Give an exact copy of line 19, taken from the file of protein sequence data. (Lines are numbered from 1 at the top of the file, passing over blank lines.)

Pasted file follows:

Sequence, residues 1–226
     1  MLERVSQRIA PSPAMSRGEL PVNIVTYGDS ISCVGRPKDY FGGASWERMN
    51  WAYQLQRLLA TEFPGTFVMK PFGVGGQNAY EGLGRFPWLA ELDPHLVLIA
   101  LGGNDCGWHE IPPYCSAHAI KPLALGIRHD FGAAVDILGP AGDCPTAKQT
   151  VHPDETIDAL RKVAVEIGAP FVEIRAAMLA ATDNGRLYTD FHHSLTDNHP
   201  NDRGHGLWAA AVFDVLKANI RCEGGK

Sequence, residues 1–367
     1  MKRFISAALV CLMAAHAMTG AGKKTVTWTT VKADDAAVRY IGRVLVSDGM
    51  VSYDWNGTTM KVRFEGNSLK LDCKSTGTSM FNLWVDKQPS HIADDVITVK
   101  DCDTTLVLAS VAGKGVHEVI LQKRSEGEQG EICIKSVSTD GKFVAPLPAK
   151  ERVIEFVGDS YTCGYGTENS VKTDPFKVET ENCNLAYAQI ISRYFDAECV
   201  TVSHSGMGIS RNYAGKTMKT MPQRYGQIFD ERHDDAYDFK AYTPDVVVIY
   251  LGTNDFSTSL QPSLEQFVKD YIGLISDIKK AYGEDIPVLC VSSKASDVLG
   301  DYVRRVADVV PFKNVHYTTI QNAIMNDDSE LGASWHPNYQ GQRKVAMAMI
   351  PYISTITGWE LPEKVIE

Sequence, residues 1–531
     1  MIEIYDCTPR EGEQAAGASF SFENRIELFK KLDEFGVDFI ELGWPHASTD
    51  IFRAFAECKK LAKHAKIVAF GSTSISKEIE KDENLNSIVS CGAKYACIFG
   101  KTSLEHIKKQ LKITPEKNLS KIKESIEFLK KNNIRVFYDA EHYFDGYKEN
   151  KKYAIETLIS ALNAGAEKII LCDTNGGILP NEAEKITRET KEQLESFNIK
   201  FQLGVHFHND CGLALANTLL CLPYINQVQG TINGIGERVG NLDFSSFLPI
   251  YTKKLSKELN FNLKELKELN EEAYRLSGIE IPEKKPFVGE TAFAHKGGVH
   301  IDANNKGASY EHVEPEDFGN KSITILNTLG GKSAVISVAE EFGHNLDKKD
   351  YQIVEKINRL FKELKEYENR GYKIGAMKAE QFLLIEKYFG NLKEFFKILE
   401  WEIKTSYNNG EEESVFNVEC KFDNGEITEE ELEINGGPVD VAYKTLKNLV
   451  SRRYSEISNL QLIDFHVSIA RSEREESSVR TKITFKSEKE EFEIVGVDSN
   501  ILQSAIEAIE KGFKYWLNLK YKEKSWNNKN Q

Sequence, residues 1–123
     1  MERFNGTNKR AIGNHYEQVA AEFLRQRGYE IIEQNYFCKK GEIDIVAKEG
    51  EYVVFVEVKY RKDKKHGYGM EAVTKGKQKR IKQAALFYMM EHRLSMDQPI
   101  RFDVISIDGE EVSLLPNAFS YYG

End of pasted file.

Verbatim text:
   101  KTSLEHIKKQ LKITPEKNLS KIKESIEFLK KNNIRVFYDA EHYFDGYKEN